From Syria to Boston

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Syrian nephrologist Jude Yagan shares her experience as an ISN Fellow in Boston.

“Looking back, the value of teamwork when caring for kidney transplant patients was the most important lesson I learned. The contribution of each person in the team was important for the success of each transplant.”

ISN Global Outreach Fellowships have earned the reputation of giving young nephrologists the tools to kick-start their career. They have given them the chance to learn and share their knowledge, with the mission of improving the state of care in their region.

A challenge that Jude Yagan, from the Mashfa Ibn Rushd Hospital near Aleppo, Syria, was eager to take on. She spent a year at Brigham and Women’s Hospital in Boston, USA: “Looking back, the value of teamwork when caring for kidney transplant patients was the most important lesson I learned. The contribution of each person in the team was important for the success of each transplant.”

In Boston, she learned every aspect of caring for a transplant patient from the day of surgery to complications of short and long-term follow-up. “This was not feasible in our hospital in Syria where teaching was scarce as there was only one nephrologist with limited transplant experience.” She talks about being exposed to new ways of teaching and notions of pursuing evidence, discussing and sharing knowledge, teaching and caring for young fellows so they become good nephrologists.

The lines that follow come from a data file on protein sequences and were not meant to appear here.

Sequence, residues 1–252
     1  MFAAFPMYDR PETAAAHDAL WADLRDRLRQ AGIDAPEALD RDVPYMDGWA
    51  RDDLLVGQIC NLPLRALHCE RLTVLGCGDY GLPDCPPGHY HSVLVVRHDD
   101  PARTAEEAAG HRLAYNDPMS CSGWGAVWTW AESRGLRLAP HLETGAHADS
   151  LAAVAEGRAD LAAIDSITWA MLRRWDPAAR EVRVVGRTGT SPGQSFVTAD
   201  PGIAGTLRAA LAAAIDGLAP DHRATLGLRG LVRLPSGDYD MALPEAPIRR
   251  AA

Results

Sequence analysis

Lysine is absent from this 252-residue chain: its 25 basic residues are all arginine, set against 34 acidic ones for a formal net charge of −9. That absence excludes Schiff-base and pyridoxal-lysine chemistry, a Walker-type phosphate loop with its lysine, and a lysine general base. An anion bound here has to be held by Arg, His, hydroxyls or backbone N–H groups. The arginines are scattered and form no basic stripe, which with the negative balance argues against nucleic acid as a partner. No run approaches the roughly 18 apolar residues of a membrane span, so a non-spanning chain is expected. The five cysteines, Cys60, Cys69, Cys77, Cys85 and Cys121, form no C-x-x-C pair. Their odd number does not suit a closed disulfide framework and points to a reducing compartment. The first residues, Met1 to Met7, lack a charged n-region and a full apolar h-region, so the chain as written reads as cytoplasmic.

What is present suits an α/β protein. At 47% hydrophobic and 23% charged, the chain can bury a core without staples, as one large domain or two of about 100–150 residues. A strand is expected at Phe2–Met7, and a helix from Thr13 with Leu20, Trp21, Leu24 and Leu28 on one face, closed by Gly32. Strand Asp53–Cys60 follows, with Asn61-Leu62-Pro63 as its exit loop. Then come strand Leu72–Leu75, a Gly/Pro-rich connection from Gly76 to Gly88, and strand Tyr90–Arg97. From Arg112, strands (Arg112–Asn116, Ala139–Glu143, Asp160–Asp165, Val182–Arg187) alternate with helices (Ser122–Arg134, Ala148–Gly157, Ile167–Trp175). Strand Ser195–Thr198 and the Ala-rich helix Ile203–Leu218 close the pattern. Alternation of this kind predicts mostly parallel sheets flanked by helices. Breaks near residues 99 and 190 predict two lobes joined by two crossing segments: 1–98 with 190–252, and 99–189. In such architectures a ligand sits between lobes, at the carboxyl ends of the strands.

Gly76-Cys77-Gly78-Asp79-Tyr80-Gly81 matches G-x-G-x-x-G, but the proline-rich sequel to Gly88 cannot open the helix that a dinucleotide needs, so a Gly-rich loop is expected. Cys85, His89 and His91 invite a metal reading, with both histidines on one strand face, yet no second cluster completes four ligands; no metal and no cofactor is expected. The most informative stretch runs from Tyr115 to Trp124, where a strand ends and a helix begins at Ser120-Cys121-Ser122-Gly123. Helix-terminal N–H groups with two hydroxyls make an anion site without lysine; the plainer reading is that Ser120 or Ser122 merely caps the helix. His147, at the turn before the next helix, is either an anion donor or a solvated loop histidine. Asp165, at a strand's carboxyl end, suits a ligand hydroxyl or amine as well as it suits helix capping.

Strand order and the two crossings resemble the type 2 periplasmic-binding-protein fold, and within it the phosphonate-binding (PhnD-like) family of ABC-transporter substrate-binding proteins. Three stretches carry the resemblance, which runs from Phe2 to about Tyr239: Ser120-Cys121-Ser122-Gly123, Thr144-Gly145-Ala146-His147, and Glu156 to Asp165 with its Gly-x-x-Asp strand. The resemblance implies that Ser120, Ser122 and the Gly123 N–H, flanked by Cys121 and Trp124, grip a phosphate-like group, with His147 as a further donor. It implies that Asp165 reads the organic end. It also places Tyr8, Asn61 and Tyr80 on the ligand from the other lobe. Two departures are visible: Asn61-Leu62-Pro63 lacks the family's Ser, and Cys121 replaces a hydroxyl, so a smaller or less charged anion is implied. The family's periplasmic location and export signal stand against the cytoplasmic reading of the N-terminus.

Syria only has seven licensed nephrologists for a population of 4 million and care is basic, especially in the dialysis units where too many patients are dialyzing from a temporary catheter with high morbidity and mortality rates. Since war broke out there has been less hope to start a transplantation program.

Jude adds: “Our daily struggle is to maintain good quality care for our patients despite our limited resources. It is important to constantly educate ourselves as doctors to implement evidence-based medicine and quality care.”

“Unfortunately, many things are out of our control and it can be frustrating, like the sudden lack of drug storage, the struggle to find non-governmental resources and the financial burdens of it on our patients.”

Today, her fellowship experience helped her deal with these issues as she worked with a great team of doctors who never gave up – switching drugs, searching for solutions implemented by other groups worldwide.